University of Central Missouri - Rhetor Yearbook (Warrensburg, MO)

 - Class of 1926

Page 1 of 204

 

University of Central Missouri - Rhetor Yearbook (Warrensburg, MO) online yearbook collection, 1926 Edition, Cover
Cover



Page 6, 1926 Edition, University of Central Missouri - Rhetor Yearbook (Warrensburg, MO) online yearbook collectionPage 7, 1926 Edition, University of Central Missouri - Rhetor Yearbook (Warrensburg, MO) online yearbook collection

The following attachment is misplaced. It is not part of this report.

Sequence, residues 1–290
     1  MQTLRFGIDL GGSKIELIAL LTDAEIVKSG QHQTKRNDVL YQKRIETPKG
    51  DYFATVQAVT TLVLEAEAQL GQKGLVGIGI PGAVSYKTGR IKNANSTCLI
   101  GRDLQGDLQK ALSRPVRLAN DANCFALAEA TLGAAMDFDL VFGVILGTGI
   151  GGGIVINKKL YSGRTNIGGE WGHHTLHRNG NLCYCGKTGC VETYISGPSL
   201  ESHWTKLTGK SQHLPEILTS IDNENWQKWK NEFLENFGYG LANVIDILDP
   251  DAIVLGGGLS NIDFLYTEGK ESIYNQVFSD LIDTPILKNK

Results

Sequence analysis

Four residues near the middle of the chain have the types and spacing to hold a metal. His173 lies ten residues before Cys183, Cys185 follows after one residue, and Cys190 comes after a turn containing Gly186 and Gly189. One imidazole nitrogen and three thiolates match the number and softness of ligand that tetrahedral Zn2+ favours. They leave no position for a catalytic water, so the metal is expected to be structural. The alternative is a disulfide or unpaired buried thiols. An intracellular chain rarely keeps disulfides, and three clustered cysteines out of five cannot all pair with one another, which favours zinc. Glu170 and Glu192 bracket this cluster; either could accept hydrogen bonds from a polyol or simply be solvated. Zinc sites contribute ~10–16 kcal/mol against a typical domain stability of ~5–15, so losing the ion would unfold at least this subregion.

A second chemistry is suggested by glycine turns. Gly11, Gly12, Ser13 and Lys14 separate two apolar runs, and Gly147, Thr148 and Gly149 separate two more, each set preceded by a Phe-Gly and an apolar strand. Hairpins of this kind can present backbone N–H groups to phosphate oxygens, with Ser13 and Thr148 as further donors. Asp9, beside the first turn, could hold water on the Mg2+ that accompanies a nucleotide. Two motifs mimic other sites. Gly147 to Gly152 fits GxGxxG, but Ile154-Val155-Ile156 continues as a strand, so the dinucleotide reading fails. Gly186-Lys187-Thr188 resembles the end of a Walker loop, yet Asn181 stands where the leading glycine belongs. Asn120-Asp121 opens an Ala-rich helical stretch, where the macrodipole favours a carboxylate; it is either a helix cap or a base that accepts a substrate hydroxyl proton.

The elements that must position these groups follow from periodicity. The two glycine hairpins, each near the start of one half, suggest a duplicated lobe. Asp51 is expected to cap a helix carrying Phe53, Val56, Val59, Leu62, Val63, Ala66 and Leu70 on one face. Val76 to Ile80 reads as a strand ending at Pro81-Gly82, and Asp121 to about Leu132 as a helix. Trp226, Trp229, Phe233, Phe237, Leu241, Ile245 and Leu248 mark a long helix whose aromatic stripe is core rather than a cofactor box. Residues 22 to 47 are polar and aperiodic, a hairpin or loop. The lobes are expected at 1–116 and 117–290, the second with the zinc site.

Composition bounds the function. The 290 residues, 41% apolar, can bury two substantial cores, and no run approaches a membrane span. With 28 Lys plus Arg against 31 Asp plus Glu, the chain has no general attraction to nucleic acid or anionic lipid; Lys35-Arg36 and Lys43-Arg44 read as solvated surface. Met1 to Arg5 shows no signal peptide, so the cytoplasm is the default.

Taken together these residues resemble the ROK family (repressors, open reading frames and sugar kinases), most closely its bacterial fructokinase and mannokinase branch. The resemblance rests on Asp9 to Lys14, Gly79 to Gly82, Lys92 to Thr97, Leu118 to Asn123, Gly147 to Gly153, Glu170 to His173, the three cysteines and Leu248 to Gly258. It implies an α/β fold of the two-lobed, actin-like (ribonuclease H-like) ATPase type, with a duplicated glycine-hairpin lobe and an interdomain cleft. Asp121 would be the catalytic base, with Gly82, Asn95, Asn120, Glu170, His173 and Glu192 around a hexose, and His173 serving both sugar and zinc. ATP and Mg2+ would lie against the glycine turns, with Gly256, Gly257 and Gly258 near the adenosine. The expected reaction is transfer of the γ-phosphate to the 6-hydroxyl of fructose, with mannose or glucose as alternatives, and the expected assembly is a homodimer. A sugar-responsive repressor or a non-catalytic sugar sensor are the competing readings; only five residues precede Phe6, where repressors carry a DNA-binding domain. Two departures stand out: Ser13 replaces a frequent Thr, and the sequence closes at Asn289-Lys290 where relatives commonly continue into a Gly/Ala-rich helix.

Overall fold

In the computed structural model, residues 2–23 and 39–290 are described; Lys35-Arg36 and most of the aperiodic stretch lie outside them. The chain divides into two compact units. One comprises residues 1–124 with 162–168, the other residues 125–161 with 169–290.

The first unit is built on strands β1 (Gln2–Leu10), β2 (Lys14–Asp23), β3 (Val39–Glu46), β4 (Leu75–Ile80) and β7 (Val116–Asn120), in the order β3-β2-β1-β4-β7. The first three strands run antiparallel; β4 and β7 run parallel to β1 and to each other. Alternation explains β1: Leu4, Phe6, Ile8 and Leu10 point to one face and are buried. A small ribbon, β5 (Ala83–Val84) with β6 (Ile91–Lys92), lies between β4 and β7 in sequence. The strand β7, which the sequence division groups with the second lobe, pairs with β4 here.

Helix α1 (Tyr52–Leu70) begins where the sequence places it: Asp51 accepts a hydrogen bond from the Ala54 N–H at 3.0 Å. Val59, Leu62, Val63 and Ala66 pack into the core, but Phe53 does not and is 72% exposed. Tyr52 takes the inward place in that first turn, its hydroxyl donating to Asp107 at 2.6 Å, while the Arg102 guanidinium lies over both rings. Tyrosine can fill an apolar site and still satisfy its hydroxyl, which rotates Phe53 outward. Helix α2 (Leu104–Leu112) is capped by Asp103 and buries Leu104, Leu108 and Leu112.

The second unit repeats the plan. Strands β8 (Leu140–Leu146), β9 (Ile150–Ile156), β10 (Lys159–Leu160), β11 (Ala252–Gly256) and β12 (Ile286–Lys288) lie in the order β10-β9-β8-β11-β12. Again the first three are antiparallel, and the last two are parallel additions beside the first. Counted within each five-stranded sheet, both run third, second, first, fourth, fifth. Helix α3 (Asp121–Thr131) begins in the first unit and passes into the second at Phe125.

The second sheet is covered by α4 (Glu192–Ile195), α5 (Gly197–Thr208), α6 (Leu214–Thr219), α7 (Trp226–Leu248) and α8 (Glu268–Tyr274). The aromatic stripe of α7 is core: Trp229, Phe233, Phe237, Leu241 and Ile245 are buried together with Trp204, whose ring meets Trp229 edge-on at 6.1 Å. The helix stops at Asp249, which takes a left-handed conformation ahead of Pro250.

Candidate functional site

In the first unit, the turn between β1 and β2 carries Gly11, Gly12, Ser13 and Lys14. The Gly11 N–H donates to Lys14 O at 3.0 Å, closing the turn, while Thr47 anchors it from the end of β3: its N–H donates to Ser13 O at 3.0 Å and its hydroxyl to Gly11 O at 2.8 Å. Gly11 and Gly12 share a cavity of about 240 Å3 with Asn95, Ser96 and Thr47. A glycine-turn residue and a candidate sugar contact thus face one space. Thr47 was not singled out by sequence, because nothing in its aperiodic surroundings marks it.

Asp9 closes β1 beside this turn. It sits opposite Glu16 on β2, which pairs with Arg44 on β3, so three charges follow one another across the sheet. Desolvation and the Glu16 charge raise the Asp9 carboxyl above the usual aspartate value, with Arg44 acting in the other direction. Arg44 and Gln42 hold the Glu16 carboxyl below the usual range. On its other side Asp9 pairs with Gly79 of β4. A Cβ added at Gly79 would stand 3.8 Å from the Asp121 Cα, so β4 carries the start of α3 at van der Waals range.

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Text from Pages 1 - 204 of the 1926 volume: